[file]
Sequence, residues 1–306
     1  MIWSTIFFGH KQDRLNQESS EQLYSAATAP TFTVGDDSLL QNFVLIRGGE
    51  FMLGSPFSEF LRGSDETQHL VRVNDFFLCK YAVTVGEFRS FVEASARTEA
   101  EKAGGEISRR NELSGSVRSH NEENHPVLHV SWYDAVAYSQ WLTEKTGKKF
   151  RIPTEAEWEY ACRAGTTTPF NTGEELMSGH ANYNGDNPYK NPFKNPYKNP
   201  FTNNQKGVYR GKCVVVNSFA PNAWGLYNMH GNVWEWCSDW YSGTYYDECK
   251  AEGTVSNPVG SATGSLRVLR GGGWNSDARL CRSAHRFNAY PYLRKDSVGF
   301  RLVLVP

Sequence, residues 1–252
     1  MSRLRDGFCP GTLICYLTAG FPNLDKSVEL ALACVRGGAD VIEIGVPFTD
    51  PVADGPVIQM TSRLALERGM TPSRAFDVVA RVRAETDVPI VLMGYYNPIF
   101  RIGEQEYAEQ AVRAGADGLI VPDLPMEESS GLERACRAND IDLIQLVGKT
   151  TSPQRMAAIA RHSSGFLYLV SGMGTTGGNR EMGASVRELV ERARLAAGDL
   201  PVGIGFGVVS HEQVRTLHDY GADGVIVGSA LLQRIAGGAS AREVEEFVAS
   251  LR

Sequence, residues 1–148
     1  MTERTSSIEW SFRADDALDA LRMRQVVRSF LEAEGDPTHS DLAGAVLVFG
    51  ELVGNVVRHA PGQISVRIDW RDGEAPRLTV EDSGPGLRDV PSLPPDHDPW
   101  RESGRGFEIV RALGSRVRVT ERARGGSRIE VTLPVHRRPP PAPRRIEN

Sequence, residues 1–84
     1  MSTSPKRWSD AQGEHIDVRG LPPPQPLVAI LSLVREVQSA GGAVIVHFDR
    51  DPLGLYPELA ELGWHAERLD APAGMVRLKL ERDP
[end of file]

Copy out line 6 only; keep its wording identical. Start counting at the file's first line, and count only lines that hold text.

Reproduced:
   201  FTNNQKGVYR GKCVVVNSFA PNAWGLYNMH GNVWEWCSDW YSGTYYDECK